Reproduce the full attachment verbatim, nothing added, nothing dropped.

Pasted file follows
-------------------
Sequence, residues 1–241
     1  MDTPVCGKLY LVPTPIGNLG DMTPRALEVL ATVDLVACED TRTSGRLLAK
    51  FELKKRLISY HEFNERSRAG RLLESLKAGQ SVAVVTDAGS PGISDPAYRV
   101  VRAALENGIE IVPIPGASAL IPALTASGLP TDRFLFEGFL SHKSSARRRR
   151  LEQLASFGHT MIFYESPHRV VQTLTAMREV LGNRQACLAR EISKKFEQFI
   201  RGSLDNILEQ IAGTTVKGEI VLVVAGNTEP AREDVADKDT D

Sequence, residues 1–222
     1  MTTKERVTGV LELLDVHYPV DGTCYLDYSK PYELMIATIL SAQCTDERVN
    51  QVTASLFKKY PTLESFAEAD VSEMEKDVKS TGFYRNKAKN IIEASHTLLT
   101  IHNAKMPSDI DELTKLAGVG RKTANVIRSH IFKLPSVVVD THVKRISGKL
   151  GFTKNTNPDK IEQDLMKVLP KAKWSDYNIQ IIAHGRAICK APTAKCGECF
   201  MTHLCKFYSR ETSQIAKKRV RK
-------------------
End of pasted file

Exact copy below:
Sequence, residues 1–241
     1  MDTPVCGKLY LVPTPIGNLG DMTPRALEVL ATVDLVACED TRTSGRLLAK
    51  FELKKRLISY HEFNERSRAG RLLESLKAGQ SVAVVTDAGS PGISDPAYRV
   101  VRAALENGIE IVPIPGASAL IPALTASGLP TDRFLFEGFL SHKSSARRRR
   151  LEQLASFGHT MIFYESPHRV VQTLTAMREV LGNRQACLAR EISKKFEQFI
   201  RGSLDNILEQ IAGTTVKGEI VLVVAGNTEP AREDVADKDT D

Sequence, residues 1–222
     1  MTTKERVTGV LELLDVHYPV DGTCYLDYSK PYELMIATIL SAQCTDERVN
    51  QVTASLFKKY PTLESFAEAD VSEMEKDVKS TGFYRNKAKN IIEASHTLLT
   101  IHNAKMPSDI DELTKLAGVG RKTANVIRSH IFKLPSVVVD THVKRISGKL
   151  GFTKNTNPDK IEQDLMKVLP KAKWSDYNIQ IIAHGRAICK APTAKCGECF
   201  MTHLCKFYSR ETSQIAKKRV RK